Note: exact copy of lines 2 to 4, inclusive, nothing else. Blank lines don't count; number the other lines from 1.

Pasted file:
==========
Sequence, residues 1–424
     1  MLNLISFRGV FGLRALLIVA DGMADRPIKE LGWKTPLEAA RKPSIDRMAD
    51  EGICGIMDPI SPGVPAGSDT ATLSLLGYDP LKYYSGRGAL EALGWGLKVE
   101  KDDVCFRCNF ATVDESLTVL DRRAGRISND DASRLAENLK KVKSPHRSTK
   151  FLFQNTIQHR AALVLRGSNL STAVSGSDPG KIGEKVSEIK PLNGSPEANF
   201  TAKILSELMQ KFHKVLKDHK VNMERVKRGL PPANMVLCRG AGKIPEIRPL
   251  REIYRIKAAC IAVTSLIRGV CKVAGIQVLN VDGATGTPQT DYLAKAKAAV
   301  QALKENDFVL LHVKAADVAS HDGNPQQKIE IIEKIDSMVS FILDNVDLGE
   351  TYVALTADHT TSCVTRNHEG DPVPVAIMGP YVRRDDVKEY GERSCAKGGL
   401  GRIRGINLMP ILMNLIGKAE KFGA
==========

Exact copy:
     1  MLNLISFRGV FGLRALLIVA DGMADRPIKE LGWKTPLEAA RKPSIDRMAD
    51  EGICGIMDPI SPGVPAGSDT ATLSLLGYDP LKYYSGRGAL EALGWGLKVE
   101  KDDVCFRCNF ATVDESLTVL DRRAGRISND DASRLAENLK KVKSPHRSTK